Home Remedies for Tooth Pain
Start by avoiding the painful area.It sounds elementary but if you avoid chewing in the area it may give your tooth a chance to settle down. Some aches are soothed by ice, but it is best to avoid extreme hot or cold around the area to prevent any damage to your tooth.
Massage your hand with ice to decrease tooth pain.Massaging pressure points throughout your body can stop pain signals from reaching your brain. Try massaging the webbed part of your hand, between your thumb and forefinger, on the same side of your body as the toothache, with ice for 5-7 minutes. Massaging this area with ice can cause cold signals to the brain that interfere with the pain signals effectively tricking your brain to stop register dental pain.
Clove Oil has helped tooth pain since 1910.
Oil derived from clove buds has natural analgesic properties. If your pharmacy doesn't carry it, you're likely to find it at your local health and nutrition store. Soak a cotton ball with the oil, place the cotton in the sore area of your mouth and gently bite down. Clove oil is safe to ingest, but it may burn your gums a little.
This pain-relieving substance has other benefits, too. You might find that it also helps prevent future cavities and reduces bad breath.
Swishing with salt water may help tooth pain.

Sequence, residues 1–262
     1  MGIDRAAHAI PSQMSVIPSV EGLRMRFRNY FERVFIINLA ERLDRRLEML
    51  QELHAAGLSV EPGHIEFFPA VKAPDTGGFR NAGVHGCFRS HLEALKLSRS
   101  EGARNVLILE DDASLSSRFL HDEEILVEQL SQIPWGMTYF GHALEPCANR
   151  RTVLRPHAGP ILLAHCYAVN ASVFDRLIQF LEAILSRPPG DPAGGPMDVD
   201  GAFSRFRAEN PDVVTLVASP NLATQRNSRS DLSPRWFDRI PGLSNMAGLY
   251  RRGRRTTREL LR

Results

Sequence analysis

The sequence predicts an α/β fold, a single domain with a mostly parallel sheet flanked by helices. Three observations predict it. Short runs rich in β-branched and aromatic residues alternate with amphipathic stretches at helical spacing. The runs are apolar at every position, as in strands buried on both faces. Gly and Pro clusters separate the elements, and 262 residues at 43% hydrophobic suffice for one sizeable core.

Make a simple solution of 2-3 teaspoons of salt per cup of warm water and then swish it around in your mouth 2 or 3 times. Gargling can make your throat sore so make sure you swish like you do with mouthwash.
Over-the-counter pain relievers can decrease tooth pain.
Ibuprofin or Acetaminophen can help with inflamation which is sometimes the cause of tooth pain. Also, applying an antiseptic ointment with the ingredient benzocaine can help. Make sure you follow the directions and use only as directed.
If your toothache isn't responding to home remedies or it lasts longer than a couple of days, you should visit your dentist as soon as possible. Indicators that you need an immediate dental appointment include fever, swelling of the face, discharge from the gums, red gums, severe pain after a tooth has been removed, or trouble breathing or swallowing. You should also note that pain in the jaw or mouth that's accompanied by chest pain can mean you're having a heart attack. If you're experiencing this combination of symptoms, contact your medical doctor right away.
If you have tooth pain and would like to speak with us please feel free to contact us at our office 435-257-5678 or by using the form on our contact page.